No doubt the family knows its constraints, but the good news is that things are changing. Vellayan, who led the acquisition of Godavari Fertilisers in 2003 from the Andhra Pradesh government and bought out IFFCO's stake in April this year to increase holding to 75 per cent, is seen as more aggressive and result-oriented. The group's immediate goal: Touch $3.5 billion (Rs 14,350 crore) in revenues by 2010. "We aim to be number one or two either nationally or regionally in our market segments," says Vellayan, 54, responsible for group strategy.
Giving Murugappa Group the needed heft will be a slew of investments it plans across its major companies. Over the last three years, it has invested more than Rs 1,000 crore in capital expenditure, but that's how much (actually, Rs 1,100 crore) it will be investing this financial year alone. EID Parry is investing the remaining Rs 350 crore this year out of Rs 652 crore that is going into expanding sugar capacity (from 14,300 to 22,000 tonnes crushed per day by 2008-09), setting up cogeneration power plants that will up capacity from 43 mw to 127 mw, and a joint venture with Cargill International for a sugar refinery only for exports.
Tube Investments, which has grown at a CAGR of 25 per cent since 2000, is spending Rs 320 crore on capacity addition and modernisation. Says M.M. Murugappan, Director (Technology) on the Murugappa Corporate Board, and who looks after TI: "Investments in capacities and better technology applications will improve margins and exports." Carborundum Universal, a federation of nine companies and four JVs, is investing in buying out strategic distributors (like in the case of CUMI Canada) and setting up facilities where it feels it has some advantage, in terms of proximity to customers or raw materials, or cheaper power. CUMI is setting up a bonded abrasive plant in China that would serve as a backend for its global customers, and planning acquisitions in Russia. Says Chairman Alagappan: "There is enough and more to do to grow and sustain the group.''
The two fertiliser companies, which are to be merged, are diversifying their portfolios as well. "We've given R&D a new thrust and will be making a whole host of value-added products," says V. Ravichandran, Managing Director, Coromandel Fertilisers. In other businesses, too, including financial services (Chola DBS) and nutraceuticals, investments of Rs 100 crore each are planned. Then, there are some new-age businesses as well. Laserwords, an e-publishing company managed by M.V. Subbiah's son and former McKinsey consultant, Subbiah Vellayan, has ambitious plans of ramping up. Says Vice Chairman Vellayan: "Even within the core businesses, there are plenty of opportunities, both inorganic and organic, that we haven't yet tapped."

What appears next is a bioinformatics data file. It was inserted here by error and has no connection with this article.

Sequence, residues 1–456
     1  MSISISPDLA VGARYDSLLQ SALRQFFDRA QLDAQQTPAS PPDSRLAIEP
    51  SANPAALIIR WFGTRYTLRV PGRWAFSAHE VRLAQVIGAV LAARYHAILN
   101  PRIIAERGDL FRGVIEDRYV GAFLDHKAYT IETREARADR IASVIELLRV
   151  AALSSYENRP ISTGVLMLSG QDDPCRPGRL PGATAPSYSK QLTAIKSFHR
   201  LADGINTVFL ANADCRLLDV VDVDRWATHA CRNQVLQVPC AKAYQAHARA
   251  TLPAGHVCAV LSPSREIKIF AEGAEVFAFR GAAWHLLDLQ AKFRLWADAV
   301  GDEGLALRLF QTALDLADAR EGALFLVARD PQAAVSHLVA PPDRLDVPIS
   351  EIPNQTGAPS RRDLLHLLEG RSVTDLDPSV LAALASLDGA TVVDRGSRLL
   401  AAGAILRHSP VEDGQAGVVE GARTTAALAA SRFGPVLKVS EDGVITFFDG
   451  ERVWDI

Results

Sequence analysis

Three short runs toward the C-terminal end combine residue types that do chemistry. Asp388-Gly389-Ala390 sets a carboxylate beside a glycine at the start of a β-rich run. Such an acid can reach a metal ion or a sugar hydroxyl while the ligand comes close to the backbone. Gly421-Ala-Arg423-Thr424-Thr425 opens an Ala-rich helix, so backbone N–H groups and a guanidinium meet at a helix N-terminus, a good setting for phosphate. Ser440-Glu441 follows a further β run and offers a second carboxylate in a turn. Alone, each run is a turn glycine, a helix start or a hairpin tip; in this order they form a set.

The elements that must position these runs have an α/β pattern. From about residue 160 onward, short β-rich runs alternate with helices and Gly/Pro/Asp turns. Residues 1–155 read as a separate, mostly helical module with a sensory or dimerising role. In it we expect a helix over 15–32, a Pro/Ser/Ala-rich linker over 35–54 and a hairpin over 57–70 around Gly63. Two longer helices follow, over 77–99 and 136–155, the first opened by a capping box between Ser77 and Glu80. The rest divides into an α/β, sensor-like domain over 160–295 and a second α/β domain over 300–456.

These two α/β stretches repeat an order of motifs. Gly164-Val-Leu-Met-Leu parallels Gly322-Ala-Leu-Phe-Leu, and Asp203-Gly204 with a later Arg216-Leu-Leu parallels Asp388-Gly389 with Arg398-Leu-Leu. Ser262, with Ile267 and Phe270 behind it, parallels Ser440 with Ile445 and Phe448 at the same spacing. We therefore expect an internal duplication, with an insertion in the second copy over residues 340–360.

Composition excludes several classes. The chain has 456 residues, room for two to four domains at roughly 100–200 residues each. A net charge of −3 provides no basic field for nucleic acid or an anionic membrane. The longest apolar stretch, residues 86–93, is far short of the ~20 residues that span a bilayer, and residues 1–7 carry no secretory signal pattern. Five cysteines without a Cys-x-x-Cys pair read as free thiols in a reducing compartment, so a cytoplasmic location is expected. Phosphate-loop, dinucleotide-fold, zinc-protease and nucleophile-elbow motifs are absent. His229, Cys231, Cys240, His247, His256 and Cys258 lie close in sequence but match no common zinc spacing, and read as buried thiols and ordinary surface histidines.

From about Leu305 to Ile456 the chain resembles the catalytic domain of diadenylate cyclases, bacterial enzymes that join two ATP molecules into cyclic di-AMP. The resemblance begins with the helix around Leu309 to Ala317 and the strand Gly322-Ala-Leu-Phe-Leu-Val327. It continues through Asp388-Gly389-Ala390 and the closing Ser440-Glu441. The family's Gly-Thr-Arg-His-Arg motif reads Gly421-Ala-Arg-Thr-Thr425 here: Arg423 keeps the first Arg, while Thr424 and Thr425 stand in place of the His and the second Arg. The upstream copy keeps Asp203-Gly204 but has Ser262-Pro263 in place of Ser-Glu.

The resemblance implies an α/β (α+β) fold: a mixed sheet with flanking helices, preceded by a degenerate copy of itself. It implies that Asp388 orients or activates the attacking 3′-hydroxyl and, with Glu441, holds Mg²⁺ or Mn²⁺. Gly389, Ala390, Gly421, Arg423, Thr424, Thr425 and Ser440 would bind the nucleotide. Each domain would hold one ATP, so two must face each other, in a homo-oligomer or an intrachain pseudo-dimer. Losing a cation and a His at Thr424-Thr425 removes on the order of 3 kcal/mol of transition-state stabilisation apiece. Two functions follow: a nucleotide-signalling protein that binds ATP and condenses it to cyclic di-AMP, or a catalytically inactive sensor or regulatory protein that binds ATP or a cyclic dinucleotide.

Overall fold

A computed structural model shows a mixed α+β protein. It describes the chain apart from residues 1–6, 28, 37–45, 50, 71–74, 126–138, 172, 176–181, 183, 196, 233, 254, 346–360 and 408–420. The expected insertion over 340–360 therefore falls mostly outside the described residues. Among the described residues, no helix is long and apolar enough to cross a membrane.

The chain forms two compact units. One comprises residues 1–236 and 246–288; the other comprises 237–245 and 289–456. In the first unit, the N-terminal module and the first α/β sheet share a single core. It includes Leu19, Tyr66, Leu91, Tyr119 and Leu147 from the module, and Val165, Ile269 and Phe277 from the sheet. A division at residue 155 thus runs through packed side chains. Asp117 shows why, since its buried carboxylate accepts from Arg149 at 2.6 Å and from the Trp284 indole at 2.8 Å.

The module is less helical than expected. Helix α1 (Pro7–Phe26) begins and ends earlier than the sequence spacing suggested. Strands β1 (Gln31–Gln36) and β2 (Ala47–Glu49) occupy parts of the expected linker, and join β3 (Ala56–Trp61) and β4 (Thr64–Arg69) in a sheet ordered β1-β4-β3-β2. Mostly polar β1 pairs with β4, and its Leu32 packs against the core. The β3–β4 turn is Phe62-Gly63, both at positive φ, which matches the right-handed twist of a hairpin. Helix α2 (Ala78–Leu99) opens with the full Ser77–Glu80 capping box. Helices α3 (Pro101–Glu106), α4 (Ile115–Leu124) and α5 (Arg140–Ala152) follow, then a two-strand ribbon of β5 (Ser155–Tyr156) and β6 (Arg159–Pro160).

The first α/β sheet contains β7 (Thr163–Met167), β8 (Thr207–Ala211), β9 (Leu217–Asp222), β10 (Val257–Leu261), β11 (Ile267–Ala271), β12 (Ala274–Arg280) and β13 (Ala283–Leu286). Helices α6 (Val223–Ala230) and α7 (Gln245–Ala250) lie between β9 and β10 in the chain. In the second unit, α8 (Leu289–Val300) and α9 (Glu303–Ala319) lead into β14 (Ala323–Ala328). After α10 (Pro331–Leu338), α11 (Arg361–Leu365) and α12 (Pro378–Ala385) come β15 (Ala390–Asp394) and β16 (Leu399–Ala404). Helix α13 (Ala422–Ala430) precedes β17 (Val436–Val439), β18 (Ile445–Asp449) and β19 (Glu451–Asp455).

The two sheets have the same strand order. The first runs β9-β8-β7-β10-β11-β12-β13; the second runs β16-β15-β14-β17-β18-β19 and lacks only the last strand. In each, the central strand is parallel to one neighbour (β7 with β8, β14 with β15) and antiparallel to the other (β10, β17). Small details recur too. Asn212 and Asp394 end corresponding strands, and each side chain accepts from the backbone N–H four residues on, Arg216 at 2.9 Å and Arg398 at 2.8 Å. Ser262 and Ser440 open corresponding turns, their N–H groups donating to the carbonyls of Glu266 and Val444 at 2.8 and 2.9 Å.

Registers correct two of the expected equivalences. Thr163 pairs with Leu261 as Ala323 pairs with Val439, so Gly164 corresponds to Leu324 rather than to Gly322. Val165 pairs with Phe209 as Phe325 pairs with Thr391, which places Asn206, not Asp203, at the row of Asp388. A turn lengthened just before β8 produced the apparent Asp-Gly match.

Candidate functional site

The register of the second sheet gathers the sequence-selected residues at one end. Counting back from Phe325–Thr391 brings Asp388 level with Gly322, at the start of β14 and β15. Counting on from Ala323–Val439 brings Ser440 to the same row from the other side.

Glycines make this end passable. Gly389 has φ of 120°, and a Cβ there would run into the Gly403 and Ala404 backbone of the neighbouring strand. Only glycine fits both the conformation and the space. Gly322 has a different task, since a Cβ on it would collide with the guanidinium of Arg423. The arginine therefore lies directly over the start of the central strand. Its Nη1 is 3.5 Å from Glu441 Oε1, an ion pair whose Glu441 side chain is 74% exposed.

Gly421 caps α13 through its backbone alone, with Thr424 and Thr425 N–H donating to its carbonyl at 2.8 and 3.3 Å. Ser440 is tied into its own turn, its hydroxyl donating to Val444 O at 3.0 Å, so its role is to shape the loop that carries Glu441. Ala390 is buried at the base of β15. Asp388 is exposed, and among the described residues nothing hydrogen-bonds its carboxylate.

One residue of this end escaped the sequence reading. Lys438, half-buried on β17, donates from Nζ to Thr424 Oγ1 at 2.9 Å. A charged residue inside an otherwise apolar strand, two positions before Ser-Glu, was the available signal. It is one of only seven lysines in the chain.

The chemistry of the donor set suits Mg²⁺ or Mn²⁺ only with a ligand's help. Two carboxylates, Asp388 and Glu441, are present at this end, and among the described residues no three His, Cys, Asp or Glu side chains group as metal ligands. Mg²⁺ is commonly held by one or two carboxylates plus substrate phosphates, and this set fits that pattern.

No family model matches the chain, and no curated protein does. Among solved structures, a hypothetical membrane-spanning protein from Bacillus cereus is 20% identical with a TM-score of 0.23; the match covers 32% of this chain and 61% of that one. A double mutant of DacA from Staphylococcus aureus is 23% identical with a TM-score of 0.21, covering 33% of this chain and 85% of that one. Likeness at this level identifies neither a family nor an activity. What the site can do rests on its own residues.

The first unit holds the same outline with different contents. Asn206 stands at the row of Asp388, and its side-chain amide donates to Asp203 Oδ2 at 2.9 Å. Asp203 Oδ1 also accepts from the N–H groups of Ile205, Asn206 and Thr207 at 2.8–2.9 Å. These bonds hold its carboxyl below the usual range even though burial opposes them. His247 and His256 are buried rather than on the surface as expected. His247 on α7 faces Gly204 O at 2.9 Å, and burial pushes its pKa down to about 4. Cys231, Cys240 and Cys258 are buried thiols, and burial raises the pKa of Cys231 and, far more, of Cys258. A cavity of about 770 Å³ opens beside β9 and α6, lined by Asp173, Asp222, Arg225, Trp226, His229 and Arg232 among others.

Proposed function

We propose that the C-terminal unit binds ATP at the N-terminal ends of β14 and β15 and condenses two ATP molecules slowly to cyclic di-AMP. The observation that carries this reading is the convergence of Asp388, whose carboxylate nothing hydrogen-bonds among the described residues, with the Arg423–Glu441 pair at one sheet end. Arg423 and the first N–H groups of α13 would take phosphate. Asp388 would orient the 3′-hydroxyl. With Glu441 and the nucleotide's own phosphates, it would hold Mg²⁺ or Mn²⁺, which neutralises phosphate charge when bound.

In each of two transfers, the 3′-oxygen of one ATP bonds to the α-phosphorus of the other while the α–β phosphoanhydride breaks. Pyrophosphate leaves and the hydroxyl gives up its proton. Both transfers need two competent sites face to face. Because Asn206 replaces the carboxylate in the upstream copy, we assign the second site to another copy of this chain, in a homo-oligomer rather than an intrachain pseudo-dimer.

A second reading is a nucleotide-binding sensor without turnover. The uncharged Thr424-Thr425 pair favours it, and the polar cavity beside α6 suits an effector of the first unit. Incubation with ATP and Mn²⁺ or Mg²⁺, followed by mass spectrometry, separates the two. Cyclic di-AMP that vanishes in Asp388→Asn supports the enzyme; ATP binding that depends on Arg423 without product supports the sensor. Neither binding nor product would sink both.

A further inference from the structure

Succession planning at Murugappa
The Murugappa corporate board was set up in 1993, but family members decided during the end of M.V. Subbiah's (a third generation scion) chairmanship in 2001, to make way for an outsider professional for this post. This was done to introduce modern corporate governance norms; N.S. Raghavan, founder member of Infosys, and subsequently P.S. Pai, former Vice Chairman of Wipro, took over. On turning 67, Subbiah quit the MCB. Last year in October, his brother M.A. Alagappan, 63, became the Chairman, and will retire in another two years.
So, who's next? Evidently, A. Vellayan, 54, who is currently the Vice Chairman, and may be followed by M.M. Murugappan, 51, who may become the Vice Chairman to start with when Vellayan moves up. Although both the cousins have brothers of their own, the more visible faces among the fourth generation are Arun Alagappan, 31, (the current Chairman's son) and Arun Murugappan, 40, who is son of the late M.A. Murugappan, cousin to M.V. Subbiah. Arun Murugappan now heads Parry Travels and a couple of smaller consumer-facing businesses of the group, while Arun Alagappan is Head of International Business Development of the group (he swung the Roca deal). A recent entrant to the family business is Subbiah Vellayan, 38, Subbiah's son and a former McKinsey consultant, who runs an e-publishing venture called Laserwords. Among the fifth generation scions, the names to watch are Arun Vellayan, the Vice Chairman's son, and Muthu Murugappan, son of M.M. Murugappan. Arun Vellayan, who is in his mid-20s, works for a private equity firm; and Muthu Murugappan, also in mid-20s, works with an FMCG company that's not part of the group.
Outsiders who understand the family structure say that it is inevitable that the group will shed some of its conservatism when the fifth generation moves into key roles. But that, at the moment, is some way off.
Some years ago, Tata Sons' director J.J. Irani described Murugappa as "the Tatas of South India". In terms of integrity and ethics, Murugappa more than deserves the tag. Where the comparison ends is in terms of aggression. While the Tatas have made one big acquisition after another in sectors ranging from steel to auto to it services, Murugappa has only cherry picked. Perhaps, with the promoters back in the saddle, South India's dark horse may start galloping yet.